Revision of Echocardiographic Indications and Findings in Neurologically Ill Patients
Claudia Stöllberger1, *, Christian Wegner2, Josef Finsterer1
Identifiers and Pagination:Year: 2017
First Page: 14
Last Page: 18
Publisher ID: TOCMJ-11-14
Article History:Received Date: 02/11/2016
Revision Received Date: 29/12/2016
Acceptance Date: 13/1/2017
Electronic publication date: 31/01/2017
Collection year: 2017
open-access license: This is an open access article licensed under the terms of the Creative Commons Attribution-Non-Commercial 4.0 International Public License (CC BY-NC 4.0) (https://creativecommons.org/licenses/by-nc/4.0/legalcode), which permits unrestricted, non-commercial use, distribution and reproduction in any medium, provided the work is properly cited.
Background and Objective:
Little is known about the general indications for echocardiography and the prevalence of abnormalities detected by echocardiography in patients who are referred from a neurological department. Left ventricular hypertrabeculation/noncompaction (LVHT) is associated with neuromuscular disorders and embolism. The aim of the study was to assess the indications for echocardiography in patients from a neurological department and to review the cine-loops of the examinations in order to assess the frequency of abnormal echocardiographic findings with special regard to LVHT.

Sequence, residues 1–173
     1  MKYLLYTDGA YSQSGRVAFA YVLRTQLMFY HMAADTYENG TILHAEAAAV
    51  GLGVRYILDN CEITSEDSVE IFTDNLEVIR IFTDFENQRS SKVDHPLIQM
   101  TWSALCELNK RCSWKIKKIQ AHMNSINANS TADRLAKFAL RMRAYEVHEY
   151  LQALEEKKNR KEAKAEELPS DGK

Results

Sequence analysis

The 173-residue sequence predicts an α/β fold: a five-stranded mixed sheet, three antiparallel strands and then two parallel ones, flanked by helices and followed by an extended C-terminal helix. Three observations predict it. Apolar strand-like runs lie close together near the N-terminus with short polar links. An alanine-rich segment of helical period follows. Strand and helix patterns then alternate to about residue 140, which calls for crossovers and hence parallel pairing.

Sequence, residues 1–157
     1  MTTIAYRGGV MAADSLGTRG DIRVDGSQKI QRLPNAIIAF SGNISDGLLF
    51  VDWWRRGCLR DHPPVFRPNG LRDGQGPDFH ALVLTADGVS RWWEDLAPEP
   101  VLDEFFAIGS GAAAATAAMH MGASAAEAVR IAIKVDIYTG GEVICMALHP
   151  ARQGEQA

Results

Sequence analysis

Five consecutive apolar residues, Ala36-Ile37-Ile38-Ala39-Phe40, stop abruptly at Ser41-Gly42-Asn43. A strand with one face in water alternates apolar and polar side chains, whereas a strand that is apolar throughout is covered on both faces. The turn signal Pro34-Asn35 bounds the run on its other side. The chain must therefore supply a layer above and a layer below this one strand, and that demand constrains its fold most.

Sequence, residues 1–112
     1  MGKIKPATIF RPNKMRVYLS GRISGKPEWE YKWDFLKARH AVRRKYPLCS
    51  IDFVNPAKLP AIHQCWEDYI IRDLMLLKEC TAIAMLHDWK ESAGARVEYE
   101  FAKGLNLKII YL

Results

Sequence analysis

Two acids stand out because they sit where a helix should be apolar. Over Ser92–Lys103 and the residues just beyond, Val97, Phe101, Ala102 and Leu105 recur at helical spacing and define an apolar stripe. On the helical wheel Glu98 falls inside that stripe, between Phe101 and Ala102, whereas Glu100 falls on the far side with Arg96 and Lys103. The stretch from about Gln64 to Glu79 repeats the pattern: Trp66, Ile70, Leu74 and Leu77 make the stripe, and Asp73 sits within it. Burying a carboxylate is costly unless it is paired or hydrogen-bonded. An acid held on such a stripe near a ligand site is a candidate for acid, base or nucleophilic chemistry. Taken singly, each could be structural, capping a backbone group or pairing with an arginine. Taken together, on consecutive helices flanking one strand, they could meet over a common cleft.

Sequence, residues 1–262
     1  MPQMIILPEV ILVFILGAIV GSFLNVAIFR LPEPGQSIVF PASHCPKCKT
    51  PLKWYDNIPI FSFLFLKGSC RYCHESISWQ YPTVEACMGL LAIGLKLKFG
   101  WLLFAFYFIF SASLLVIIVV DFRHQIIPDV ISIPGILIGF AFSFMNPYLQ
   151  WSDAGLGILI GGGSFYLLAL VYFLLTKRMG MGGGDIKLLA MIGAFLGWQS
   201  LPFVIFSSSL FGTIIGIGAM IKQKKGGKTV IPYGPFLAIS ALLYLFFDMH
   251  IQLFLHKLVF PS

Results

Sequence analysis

Methods and Results:
Included were 126 patients, 58 females (mean age 65 years). Indications were stroke (84%), heart failure (6%), endocarditis (6%) and arrhythmia (3%). The most frequent abnormalities were impaired relaxation (71%) and left ventricular wall thickening (63%). Females were older (68 vs. 62 years, p = 0.0214) and more frequently had normally sized left ventricles than males (98 vs. 88%, p = 0.0376). Patients ≥66 years more frequently had stroke as an indication (91 vs. 77%, p = 0.05), showed a thickened myocardium (72 vs. 53%, p = 0.0272), valvular abnormalities (52 vs. 13%, p = 0.0000) and impaired relaxation (86 vs. 54%, p = 0.0001) than patients <66 years.
LVHT was diagnosed in 3 patients; in one of them the diagnosis was already known. In 45% LVHT and in 38% left ventricular thrombus could neither be excluded nor established since the image quality was poor.
Care should be taken to visualize the left ventricular apical regions when investigating patients referred from a neurologic department in order not to overlook LVHT and thrombi within the left ventricular apex.